GOSA (The Geyser Observation and Study Association) West Thumb Geyser Basin  

West Thumb Geyser Basin:

West Thumb Geyser Basin consists of a narrow strip of geysers, hotsprings and a few mud pots located on the west shore of the "West Thumb" portion of Yellowstone Lake. The lake setting makes this a very beautiful area.

Lone Pine Geyser

Lone Pine Geyser: [Picture]

Lone Pine Geyser is is currently the largest frequent geyser at West Thumb Geyser Basin. It is located a few hundred yard north of the main boardwalk portion of the basin. Between the road and Yellowstone Lake. Its picturesque appearance and unexpected location along the lake often leads to traffic jams during its eruptions.

Lone Pine is a cone-type geyser. Eruptions can reach 75 feet in height. Currently (late 1999) it is quite predictable, with intervals usually between 16-17 hours but sometimes ranging from 15-19 hours. Durations are about twenty minutes. Major eruptions start from a full pool. There is little warning before the eruption. Only slight bubbling and convection currents can be seen over the vent. A few minutes before the eruption, the boiling increases and then the eruption starts. Minor eruptions can occur an hour or two after the major eruption. These eruptions start from an apparently empty crater and last about five minutes. The pool refills and begins quietly overflowing 4-5 hours after the major eruption. The occurrence of minors does not seem to affect the refill rate significantly. Once full, the pool overflows quietly until the next eruption.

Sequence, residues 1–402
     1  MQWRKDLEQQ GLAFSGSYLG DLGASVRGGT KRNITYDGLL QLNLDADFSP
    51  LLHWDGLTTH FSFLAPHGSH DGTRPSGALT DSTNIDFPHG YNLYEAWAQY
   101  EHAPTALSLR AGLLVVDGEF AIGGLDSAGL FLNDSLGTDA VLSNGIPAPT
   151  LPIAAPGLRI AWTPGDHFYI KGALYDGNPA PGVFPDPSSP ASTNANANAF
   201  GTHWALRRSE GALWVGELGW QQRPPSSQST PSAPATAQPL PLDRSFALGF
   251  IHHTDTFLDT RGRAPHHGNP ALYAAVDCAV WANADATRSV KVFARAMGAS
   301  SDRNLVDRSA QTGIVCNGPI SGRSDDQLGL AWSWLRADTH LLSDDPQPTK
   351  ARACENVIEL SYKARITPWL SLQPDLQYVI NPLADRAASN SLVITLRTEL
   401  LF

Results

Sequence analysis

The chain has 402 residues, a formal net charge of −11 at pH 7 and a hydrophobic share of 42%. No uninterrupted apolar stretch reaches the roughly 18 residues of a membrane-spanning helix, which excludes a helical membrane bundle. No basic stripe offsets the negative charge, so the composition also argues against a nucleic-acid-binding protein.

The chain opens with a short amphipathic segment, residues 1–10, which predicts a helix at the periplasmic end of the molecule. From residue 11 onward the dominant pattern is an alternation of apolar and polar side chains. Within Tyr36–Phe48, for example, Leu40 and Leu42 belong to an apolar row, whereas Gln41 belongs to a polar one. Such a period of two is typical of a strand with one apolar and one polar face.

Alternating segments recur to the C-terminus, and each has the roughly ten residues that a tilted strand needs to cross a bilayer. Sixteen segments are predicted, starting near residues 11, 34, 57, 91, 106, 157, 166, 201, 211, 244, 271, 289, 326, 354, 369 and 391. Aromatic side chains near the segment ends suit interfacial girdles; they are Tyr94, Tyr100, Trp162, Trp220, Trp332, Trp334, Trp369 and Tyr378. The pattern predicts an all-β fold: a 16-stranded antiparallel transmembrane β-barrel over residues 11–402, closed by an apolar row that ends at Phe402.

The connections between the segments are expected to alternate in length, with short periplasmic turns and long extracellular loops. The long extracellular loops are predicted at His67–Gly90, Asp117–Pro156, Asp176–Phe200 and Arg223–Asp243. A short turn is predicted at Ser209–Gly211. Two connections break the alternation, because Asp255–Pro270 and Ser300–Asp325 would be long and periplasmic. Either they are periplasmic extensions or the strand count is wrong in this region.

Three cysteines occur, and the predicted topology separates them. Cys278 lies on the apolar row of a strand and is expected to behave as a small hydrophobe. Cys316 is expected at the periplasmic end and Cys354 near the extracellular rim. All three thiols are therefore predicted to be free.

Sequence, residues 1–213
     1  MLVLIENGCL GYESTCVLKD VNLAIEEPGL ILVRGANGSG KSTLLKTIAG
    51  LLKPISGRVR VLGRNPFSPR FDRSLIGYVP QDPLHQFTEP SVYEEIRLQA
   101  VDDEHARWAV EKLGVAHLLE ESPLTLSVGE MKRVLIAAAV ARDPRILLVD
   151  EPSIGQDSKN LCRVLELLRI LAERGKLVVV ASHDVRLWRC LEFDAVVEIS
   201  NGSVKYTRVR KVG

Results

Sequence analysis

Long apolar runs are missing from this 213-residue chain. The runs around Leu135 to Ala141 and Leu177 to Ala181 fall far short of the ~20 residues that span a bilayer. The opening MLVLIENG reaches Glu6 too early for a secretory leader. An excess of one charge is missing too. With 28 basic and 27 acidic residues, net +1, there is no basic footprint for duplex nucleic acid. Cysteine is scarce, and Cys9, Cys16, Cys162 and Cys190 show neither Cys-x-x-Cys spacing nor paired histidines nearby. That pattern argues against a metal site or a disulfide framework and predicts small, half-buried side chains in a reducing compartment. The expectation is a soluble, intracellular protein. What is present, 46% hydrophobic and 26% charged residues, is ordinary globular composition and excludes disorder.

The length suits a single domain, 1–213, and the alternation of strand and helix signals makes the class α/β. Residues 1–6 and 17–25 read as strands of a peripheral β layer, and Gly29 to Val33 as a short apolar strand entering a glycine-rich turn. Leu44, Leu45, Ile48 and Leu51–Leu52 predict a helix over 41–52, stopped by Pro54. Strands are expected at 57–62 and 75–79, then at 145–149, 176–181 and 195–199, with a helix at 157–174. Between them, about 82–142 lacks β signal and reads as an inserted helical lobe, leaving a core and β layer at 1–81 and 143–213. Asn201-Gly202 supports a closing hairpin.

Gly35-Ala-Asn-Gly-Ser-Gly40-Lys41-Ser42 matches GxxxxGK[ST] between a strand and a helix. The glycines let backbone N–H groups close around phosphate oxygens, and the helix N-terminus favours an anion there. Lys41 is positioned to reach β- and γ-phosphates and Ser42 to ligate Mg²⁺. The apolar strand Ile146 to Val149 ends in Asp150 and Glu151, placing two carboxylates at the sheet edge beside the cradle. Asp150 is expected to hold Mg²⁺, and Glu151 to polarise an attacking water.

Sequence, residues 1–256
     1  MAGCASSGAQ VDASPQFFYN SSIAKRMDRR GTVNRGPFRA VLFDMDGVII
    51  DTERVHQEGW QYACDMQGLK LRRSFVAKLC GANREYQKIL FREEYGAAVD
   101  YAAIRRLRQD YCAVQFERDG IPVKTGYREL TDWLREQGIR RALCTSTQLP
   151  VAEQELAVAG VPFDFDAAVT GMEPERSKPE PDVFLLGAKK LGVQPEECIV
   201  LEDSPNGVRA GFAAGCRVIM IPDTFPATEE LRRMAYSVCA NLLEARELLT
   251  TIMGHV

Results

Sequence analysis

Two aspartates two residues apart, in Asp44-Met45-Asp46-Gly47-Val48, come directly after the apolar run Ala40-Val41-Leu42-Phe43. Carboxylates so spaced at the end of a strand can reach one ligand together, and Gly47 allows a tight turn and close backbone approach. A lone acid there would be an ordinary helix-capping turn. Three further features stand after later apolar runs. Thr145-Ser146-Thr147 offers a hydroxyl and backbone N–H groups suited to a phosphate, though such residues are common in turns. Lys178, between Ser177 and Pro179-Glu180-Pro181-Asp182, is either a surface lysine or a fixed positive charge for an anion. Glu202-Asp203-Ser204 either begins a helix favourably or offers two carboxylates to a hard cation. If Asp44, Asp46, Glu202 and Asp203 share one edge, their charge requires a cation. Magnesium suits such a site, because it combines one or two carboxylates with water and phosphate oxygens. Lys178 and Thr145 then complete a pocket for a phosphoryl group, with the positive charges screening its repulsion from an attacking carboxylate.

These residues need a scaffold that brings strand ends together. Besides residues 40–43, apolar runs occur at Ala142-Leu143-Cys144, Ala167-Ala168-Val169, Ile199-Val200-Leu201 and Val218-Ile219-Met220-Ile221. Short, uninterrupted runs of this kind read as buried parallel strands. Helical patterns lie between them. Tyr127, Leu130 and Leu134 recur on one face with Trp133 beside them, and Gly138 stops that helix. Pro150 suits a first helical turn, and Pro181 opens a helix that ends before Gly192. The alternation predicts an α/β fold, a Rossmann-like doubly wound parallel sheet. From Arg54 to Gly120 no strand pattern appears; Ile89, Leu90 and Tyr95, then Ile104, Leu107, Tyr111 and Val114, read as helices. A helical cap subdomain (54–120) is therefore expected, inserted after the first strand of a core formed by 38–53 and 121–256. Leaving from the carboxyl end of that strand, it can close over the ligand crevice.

Big Cone: [Picture]

Big Cone is a large sinter cone that sticks out of Yellowstone Lake near Fishing Cone.

Blue Funnel Spring:

[The description of Blue Funnel was provided by Steve Gryc.]

Although there has been occasional and dramatic geyser activity at West Thumb, eruptions are rare occurrences.  There are, however, a large number of beautifully-colored hot pools in West Thumb's central basin, making any visit to this unique area a rewarding one.  Blue Funnel Spring is one of the larger pools and one of the most striking because of its circular rim and pastel blue color which intensifies as the pool deepens towards its central vent. The hottest pools are the bluest since colorful cyanobacteria that live in cooler springs change the color of those springs.

Blue Funnel Spring is located about 280 feet southeast of Twin Geyer.

Hillside Geyser: [Picture]

Hillside Geyser is an infrequent player at West Thumb. The 45 foot tall cone-type geyser has only been seen a handful of times in the late nineties. The last eruptions occurring decades ago. The geyser erupts with very little warning. Suddenly boiling up and quickly erupting. Most of the time, it is a little noticed hole about halfway between Black Pool and Twin Geyser. Durations are 4-5 minutes.

Lakeshore Geyser: [Picture]

Lakeshore Geyser is located on the edge of Yellowstone Lake. In fact, most of the time it is inundated by cold lake water. Rendering the geyser dormant. It can only erupt on those rare occasions when both the lake is low and the geyser is hot. This is a fairly rare occurrence.

There have been periods of time though, when Lakeshore has been quite active. During periods in the late 1800's and early 1900's for instance. When active, the cone-type geyser can reach 25-30 feet. During the 1990's activity was noted in 1992 and 1993 when small one foot eruptions were seen. Activity of some sort may have also occurred in 1998 based on a larger area of sinter patina than could be accounted for by the boils seen.

Seismograph Pool: [Picture]

Seismograph Pool was probably named for changes incurred after the 1959 earthquake but no one is sure.

Thumb Paint Pots: [Picture]

The Thumb Paint Pots were much more active during the early history of the park. Now, they do little more than bloop a little. In fact much of the time, they are no more than very soupy muddy water.

Twin Geyser: [Picture]

Twin Geyser is a major geyser, erupting 75-100+ feet high. It erupts from two vents closely spaced. The eruption starts from the north vent and just as it appears the eruption is about to stop, the south vent takes over and the eruption again builds to full strength. The eruption lasts 3-4